Google Play full review
iTunes Match and Google Play are both cloud-based music streaming services available for Mac OS X and iOS. Both take your personal music collection and place it onto a remote server, where you can access it wherever you are. iTunes Match and Google Play both offer free services, but you have to pay to get the full deal. Here’s our Google Play vs iTunes Match comparison review.
Price: iTunes Match (Free or £21.99 per year) vs Google Play (Free or £9.99 per month).
Space: iTunes Match 25,000 tracks; Google Play 20,000 tracks
iTunes introduced its iTunes Match music service in 2011, it enables you to access music from multiple iTunes Libraries with any Mac or PC running iTunes, or stream it directly to any iOS device.
Google Play was introduced this year, and also enables you to upload all of your music into the cloud. It can then be played from a web browser on any computer, and streamed to Android and iOS devices.
iTunes Match vs Google Play: what they both offer
Both iTunes Match and Google Play enable you to place your music into the cloud. Both systems scan the music in your iTunes library and upload the tracks to a remote server (technically they both actually cut back on the uploading by matching tracks to ones they already have in their respective stores).
Once you have set up iTunes Match or Google Play, you can then play the music on other computers, smart phones, tablets or other devices.
You can also download tracks from one computer to another, so they enable you to sync up your music collections across multiple machines. The real advantage though is for devices with limited storage space: MacBook Air and the iPhone or iPad. Both Google Play and iTunes Match enable you to access your entire music collection.
See: Google Play review
What’s the difference between Google Play and iTunes Match?
The key difference is that iTunes Match is designed to work within iTunes, whereas Google Play is designed to work with web browsers.
When you sign up for iTunes Match all of your tracks are matched against tracks in the iTunes Store, or the files are uploaded, and you can then play them inside iTunes on another Mac or PC, or using the Music app on a tablet device. This has its good points, it’s generally pretty easy to use and if you have more than one iTunes library on the go (or more than one Mac). iTunes Match is a great way to sync up your libraries. You can even highlight all the tracks in iTunes and download them at once.
Google Play provides a Mac plug-in that goes through your iTunes music collection and sends any tracks inside iTunes to the Google Play service. The plug-in sits in the background and any songs you add to iTunes will also be sent to Google Play. You playback music from the Google Play website instead of iTunes.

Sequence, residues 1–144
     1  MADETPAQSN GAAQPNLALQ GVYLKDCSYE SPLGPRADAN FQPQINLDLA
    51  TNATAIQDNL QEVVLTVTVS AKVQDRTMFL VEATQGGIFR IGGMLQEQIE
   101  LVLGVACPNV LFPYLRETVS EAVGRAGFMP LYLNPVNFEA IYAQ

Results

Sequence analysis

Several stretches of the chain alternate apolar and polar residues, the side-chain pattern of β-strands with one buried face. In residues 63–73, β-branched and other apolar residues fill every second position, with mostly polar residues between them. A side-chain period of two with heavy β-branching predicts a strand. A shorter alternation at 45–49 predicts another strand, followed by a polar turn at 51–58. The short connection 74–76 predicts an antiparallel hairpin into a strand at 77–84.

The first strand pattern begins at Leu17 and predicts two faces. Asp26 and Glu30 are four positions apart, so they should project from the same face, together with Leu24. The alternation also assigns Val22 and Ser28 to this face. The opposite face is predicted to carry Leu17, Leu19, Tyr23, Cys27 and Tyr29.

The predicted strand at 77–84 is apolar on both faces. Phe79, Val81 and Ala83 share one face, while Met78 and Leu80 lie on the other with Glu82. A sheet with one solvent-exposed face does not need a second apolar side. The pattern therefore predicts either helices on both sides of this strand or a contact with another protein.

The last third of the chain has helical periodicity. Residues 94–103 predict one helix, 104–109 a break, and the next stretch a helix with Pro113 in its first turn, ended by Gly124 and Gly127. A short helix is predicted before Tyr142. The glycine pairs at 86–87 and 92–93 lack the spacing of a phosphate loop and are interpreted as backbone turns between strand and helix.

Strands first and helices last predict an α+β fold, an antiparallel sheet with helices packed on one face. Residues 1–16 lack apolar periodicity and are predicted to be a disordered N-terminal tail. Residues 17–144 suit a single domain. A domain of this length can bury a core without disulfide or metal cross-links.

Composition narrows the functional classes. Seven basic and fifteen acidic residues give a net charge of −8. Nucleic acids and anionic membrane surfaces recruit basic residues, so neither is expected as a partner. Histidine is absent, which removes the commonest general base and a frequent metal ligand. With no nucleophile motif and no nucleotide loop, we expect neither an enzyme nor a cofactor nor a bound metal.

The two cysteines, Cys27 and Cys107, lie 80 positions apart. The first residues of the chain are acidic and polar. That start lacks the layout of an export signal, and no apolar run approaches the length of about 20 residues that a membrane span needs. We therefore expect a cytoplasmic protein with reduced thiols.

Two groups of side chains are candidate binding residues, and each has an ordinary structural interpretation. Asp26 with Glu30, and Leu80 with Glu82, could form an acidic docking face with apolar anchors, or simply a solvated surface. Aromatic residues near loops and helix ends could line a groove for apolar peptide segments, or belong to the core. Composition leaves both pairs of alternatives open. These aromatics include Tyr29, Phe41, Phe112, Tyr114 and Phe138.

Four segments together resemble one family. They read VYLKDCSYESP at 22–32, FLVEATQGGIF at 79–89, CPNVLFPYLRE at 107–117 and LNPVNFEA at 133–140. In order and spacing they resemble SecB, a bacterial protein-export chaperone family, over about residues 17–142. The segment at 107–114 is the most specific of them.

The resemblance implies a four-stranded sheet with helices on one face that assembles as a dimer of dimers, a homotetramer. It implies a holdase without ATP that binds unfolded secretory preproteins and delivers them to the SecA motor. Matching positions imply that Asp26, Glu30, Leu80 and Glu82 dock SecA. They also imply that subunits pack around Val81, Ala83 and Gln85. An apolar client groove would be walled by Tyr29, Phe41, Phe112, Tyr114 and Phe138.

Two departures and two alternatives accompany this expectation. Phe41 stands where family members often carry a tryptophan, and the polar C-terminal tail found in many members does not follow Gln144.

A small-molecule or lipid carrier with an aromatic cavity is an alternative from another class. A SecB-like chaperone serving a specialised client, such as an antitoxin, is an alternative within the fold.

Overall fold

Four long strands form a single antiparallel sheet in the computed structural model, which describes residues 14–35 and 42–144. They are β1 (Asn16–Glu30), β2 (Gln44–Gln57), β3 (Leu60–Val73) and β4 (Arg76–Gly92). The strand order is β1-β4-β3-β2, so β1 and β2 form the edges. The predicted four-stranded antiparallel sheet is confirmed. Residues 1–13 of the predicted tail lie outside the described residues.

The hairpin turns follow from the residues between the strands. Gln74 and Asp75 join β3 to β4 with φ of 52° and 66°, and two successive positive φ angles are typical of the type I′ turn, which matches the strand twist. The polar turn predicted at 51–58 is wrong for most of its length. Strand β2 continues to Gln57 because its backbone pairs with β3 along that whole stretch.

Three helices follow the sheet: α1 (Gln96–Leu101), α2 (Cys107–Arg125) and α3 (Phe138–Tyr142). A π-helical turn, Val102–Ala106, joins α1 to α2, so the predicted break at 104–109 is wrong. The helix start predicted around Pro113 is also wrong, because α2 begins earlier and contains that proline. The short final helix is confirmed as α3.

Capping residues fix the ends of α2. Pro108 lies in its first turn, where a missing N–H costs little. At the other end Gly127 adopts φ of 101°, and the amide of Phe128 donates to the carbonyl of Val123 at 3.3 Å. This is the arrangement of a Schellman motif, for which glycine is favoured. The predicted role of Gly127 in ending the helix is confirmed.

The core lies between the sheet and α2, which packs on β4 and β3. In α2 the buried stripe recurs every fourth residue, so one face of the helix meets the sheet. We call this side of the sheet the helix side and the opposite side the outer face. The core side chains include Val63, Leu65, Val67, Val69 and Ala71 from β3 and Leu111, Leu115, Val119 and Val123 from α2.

Whether you see this as a good or bad thing largely depends on how you feel about iTunes. It’s not the most loved music player in the world, although we imagine it’s the most popular. Even so some Mac users will skip and dance away from iTunes. But for most people it’s an easy to use app that’s fairly central to the whole Mac and iOS experience. There are also advantages to using iTunes, such as AirPlay that are baked directly into iTunes.
See: iTunes 11 review
iTunes Match vs Google Play: what you get for free
One key difference is what you get for your money (see ‘what you get for free below’). Google Play is more expensive on a monthly basis but the free version enables you to upload and stream your entire music library. You then pay £9.99 per month for a spotify-type service that also enables you to play just about any other track for free.
iTunes Match on the other hand only uploads songs you’ve purchased from the iTunes Store for free. You have to pay £21.99 per year to upload and stream all your own tracks. There is no Spotify-like all-you-can-eat music service, but Apple has introduced iTunes Radio into the US and it’ll be coming to the UK soon. If you have a paid-for iTunes account you can listen to iTunes Radio without adverts.
Why should I get iTunes Match when Google Play is free?
It’s a good question. Google Play essentially offers iTunes Match for free. And the Mac integration is pretty good. It shifts all of your music to the Google Play servers and you get to play it all online. The online web interface is pretty good too, offering the usual Google level quality of search and a great variety of sharing options. If you’re into Google+ then you’ll also appreciate the playlist sharing options.
We find Google Play a little keen to put music that’s for sale in front of your eyes but aside from that it’s an excellent web service.
But iTunes Match integrates with iTunes and iOS itself. Which means that if you sign up for it you’ll find yourself able to seamlessly sync, download and share tracks across all of your devices. We’ve been running iTunes Match since launch and haven’t had much cause for complaint. £21.99 per year isn’t a huge fee considering the service on offer.
iTunes Match and Google Play: which is worth paying for?
We find iTunes Match is probably a better service for Mac and iOS owners. Mostly because of the integration between iTunes and iOS devices. If you’re an Android-phone owner then you’ll almost certainly prefer Google Play. But if you’re a Mac owner that is ready to leave iTunes behind the Google Play is a good way to take your music collection into the Cloud and forget about iTunes (or just use it for music importing and storage along with app management).
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